You've not truly experienced Trainspotting until a naked emaciated addict lies at your feet and injects heroin into his penis
The Sage Theatre production of Trainspotting is not for the sqeamish nor the prudish. As one would expect from the subject matter, it is a gritty and brutal portrayal of the lives and relationships of a group of heroin addicts in Edinburgh. But it is also filled with dark humour and the cutting witticisms of the lead character, Mark Renton, as he narrates the ensuing struggles to survive, to score smack,and to stay on the dole.
The invitation on the playbill is to "get closer" and upon entering the Joyce Doolittle Theatre, the intent behind these words is immediately evident. The theatre is tiny, holding perhaps 65 chairs, in a room of exposed brick walls and black floor. The Clash was playing over the sound system as we chose our seats, followed by Joy Division, the Buzzcocks, and Magazine - very fitting music for establishing the setting. No Iggy Pop, though.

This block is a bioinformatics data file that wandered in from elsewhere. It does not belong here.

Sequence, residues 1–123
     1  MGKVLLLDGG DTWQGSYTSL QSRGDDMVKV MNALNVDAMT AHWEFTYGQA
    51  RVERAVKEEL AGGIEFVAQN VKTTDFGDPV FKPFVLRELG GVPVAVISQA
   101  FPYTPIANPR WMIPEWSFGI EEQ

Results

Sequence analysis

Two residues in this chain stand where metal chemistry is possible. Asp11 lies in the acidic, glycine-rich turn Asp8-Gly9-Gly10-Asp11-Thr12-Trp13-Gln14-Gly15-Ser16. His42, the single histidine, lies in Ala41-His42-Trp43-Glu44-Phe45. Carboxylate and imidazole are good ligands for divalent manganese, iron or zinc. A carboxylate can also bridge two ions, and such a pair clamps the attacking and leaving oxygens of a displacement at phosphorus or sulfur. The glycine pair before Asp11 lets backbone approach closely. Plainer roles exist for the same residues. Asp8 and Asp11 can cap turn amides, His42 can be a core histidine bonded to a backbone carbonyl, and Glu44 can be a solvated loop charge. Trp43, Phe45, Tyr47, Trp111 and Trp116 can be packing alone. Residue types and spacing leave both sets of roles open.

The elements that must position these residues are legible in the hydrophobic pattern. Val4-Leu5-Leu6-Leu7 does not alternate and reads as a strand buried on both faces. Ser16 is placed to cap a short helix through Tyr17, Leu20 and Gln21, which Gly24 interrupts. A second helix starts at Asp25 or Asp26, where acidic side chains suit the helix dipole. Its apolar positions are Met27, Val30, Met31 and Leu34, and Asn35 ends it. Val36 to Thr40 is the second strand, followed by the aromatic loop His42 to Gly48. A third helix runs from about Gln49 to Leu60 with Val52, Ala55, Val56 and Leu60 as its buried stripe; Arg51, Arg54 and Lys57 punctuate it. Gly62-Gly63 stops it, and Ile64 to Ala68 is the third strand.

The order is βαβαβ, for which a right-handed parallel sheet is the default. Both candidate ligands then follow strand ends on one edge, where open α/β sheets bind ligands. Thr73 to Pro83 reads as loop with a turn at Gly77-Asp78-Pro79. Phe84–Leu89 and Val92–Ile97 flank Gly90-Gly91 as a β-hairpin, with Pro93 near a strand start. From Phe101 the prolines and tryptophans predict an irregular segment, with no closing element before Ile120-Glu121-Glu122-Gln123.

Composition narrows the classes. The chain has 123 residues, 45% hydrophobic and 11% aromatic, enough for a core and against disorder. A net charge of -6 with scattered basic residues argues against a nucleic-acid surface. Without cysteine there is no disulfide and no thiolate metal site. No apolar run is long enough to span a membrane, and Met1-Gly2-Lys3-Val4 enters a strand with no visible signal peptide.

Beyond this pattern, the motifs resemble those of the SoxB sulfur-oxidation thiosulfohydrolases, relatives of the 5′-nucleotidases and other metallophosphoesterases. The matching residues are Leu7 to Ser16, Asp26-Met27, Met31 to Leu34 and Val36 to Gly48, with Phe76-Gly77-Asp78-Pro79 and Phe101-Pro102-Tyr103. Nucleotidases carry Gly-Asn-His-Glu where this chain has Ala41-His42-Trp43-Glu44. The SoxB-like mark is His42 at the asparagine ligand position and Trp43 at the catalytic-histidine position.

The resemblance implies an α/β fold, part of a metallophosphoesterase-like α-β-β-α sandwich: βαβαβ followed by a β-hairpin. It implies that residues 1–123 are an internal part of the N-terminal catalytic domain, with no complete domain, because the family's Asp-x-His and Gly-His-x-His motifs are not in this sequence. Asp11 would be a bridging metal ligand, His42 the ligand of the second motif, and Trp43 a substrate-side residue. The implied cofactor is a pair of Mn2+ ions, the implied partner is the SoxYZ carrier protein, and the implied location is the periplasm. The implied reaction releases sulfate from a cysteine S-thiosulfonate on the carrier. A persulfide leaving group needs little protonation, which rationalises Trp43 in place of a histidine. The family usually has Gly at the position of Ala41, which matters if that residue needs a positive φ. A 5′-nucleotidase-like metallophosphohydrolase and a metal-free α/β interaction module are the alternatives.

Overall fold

The thrust staging of this play allows no separation between audience and actor; the play juts into the your face, bringing you intimately into this coarse and disturbing environment. There is no escaping the brutish behaviour unfolding on the playing space. Buttons fly into the audience as a shirt is ripped open, disgusting toilet water from the "filthiest toilet in Scotland" sprays into the air after Renton triumphantly retrieves the heroin suppositories that he has inadvertently shat out, fake blood scatters dangerously close to your coat when a brute punches his girl friend in the face.
But this production is not simply about shock value. There is tenderness here as well, there is insight into political and economic systems coming from a man who has never held down a job, and there is glorious, riotous humour.
The play makeup, not something I would normally comment on, is exceedingly well done. All the actors, who appear so hale and hearty in their publicity photos, are emaciated, drawn, bruised and marked with needle tracks. And the actors must have suffered for their craft, as they all looked considerably thinner than they appear in their publicity photos. Especially the naked guy.
I was completely drawn into this production. It was raw and funny and shocking and oddly uplifting.
I think I am becoming addicted to live theatre again. Just when I thought I was clean.
Tonight, though, I indulge my other addiction. Off to see the New Pornographers, Novillero, and the Immaculate Machine.
I know it's a bit of a cliche, but it's still a great song from the film Trainspotting.
Here is Iggy Pop - Lust for Life
Get music codes at Bolt.